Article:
Better Boy, Purple Cherokee, Mr. Stripey all ready for soup
I did can (that soooo should be "jar") some of these tomatoes, which I will share with you tomorrow. It was pretty easy considering I usually only can jam. The canning jars look beautiful with the different color tomatoes in them.

Today however, I wanted to enjoy the end of summer. Today I made gazpacho. I have to say, I've never...ever had gazpacho. I'm sure it wasn't for lack of it being offered. My Mom loves the stuff, so I know she tried to get me to like it. I always declined. As usual, my Mom was right, I should have come around much sooner than this.

I'm pretty sure it was the name that put me off. It sounds Like it might grow hair on your chest tough. Like take your lunch money away tough. Gestapo tough. I was intimidated. But as I've said before with souffle - wusiness needs to be confronted. I had to make this stuff. I'm proud to say...

I...have..conquered...gazpacho!!! And I actually liked it.

Of course, now that means I want you to conquer gazpacho as well (or at least be able to spell it). You may be an old pro at it like my Mom, or you may be a wussy newbie like me, but if you like fresh tomatoes, you are going to love this recipe. All you need is a food processor - no cooking involved. That's my kinda summer cooking.

from Southern Living

8 tomatoes, peeled and chopped (I used several types of tomatoes, just be sure they are flavorful and ripe)
2 cucumbers, peeled and seeded
1 large bell pepper
1 small red onion, peeled
1 jalapeno pepper, seeded
1 large clove garlic
1- 32 oz bottle of tomato or vegetable juice
1 lemon, need 1 tbsp zest, 1/4 c juice
1/3 c red wine vinegar
2 dashes of hot sauce
3 tsp salt
1 tsp pepper
1 tsp paprika
sour cream

Cut tomatoes, cucumbers, pepper, and onion into quarters. Put all the chopped vegetables, the jalapeno and the garlic into the food processor. Pulse until chunky (or you can keep going til it's smooth if you don't like texture in your soup), scraping the sides when necessary. Pour into a large plastic container and add the rest of the ingredients. Stir, cover and put in the fridge for at least 8 hours or overnight.

Serve with sour cream and a sliced avocado. 

If the Tomato Peach Salad is summer on a fork, this is summer on a spoon! Thanks Mom for having patience and letting me grow into my taste buds.

August 1, 2012

Tropical Pink Dragonfruit Limeade

I've discovered a tropical paradise here in South Florida....Robert Is Here produce stand. Robert has one of those fun stories that I love sharing with my kids, stories of personal achievement. As Robert told me himself, it's a lesson on hard work, honesty and integrity. 
Robert and I talked...a lot!
Robert started his business at the tender age of six years old. He set up on a road to sell his father's cucumbers with a giant sign that said "Robert Is Here" and the name stuck, so the place is still called Robert Is Here. He soon progressed into hiring his neighbor to work for him when he was at school. Today, many years later, his business is still thriving with many friendly employees, loads of exotic fruits, fresh vegetables, and the MOST amazing milkshakes!! We came for the key lime milkshake, which was a perfect blend of sweet and tart - delicious, but we loved the mamey and the guanabana flavored milkshakes just as much, if not more. They were made with fresh fruit and they were delicious, creamy and vanilla with the fruit taste too - seriously good stuff.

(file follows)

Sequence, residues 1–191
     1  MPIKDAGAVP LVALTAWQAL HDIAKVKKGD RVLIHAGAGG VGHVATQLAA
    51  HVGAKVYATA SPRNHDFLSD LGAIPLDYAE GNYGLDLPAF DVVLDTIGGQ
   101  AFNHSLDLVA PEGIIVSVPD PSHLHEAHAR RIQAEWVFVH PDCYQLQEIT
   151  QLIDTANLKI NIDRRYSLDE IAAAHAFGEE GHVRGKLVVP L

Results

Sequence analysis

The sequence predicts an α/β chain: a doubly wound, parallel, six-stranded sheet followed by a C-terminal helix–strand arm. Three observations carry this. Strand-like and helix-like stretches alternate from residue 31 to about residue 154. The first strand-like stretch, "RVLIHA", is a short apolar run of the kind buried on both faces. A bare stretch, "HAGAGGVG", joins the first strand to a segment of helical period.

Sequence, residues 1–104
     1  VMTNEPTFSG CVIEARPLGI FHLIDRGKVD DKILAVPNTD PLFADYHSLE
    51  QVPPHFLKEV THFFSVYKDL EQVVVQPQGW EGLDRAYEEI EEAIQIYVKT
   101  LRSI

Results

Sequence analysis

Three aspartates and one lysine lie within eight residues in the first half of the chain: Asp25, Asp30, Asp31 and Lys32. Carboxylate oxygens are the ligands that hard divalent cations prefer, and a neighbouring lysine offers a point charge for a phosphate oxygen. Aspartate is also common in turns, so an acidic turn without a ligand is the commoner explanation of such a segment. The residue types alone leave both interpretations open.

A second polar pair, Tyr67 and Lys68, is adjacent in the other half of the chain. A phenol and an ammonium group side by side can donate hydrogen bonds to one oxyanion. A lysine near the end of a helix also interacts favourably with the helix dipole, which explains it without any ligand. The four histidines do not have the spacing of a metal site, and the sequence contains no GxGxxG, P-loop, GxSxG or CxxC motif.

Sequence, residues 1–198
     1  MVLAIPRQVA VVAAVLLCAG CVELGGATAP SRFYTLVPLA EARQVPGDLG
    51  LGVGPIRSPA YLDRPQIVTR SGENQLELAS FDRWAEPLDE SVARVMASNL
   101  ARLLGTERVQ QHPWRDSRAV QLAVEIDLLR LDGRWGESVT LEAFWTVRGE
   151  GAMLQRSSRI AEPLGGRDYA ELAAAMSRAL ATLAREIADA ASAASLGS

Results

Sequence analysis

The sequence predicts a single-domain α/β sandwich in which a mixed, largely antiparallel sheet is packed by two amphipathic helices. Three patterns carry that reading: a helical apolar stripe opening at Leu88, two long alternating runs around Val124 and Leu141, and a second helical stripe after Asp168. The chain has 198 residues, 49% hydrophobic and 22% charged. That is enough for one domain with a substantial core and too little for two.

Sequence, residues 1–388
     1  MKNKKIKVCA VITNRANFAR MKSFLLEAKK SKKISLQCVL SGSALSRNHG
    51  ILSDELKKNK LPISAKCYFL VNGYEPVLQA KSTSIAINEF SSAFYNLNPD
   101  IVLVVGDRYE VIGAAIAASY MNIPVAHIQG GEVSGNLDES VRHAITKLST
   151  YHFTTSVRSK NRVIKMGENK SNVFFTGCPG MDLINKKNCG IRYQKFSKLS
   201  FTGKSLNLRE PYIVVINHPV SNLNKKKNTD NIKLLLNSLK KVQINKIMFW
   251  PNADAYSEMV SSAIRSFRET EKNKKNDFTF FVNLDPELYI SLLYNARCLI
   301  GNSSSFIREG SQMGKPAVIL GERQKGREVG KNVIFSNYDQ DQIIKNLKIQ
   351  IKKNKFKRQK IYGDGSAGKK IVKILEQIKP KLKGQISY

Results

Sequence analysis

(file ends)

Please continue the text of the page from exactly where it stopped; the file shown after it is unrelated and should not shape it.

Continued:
Sharing a mamey milkshake
We stopped at Robert's on our way to Key Largo, the northern most key and had such a delightful time, we stopped at Robert's again on the way home. We stocked up on avocados (and made guacamole three times while on vacay), the most delicious juicy Kitt mangoes that the staff was happy to slice up for us. They were so perfectly ripe that the juice dripped down our arms while eating them.
juicy mango!
We enjoyed longans (like lychee), key limes, jack fruit, tomatoes, and intriguingly named dragon fruit. 
Source: Tropical Fruit Nursery
Dragon fruit is strange looking from the outside, but the variety we had was beautiful fuchsia pink with small black seeds on the inside. I cut it in half and just scooped the fruit out with a spoon, much like an avocado.

Look at this beauty...

With this color, I knew I wanted to make something fresh to show it off. I figured it would make a beauitful drink and boy was I right. We had some limeade concentrate in the freezer which I mixed up and added the chopped dragon fruit. When stirred up, it all became this gorgeous pink color. It didn't change the flavor of the drink because the dragon fruit flavor is so mild, something like strawberries. I think this fruit would make an incredible mixed drink with natural coloring.

Tropical Pink Dragonfruit Limeade
1 can limeade concentrate
1/2 dragonfruit

Mix up limeade with water and stir in chopped dragonfruit. Let sit in fridge for at least 30 minutes to overnight. The color will deepen over time. Add tequila for an adult dragon-rita.
We tried it in orange juice too and it created a beautiful translucent coral color. A a little of the fruit goes a long way in coloring a drink so I had plenty of fruit to make different drinks.

Next time you are having a party and need a punch or fun drink to make, give dragon fruit a look. You won't be disappointed with this kinda color!!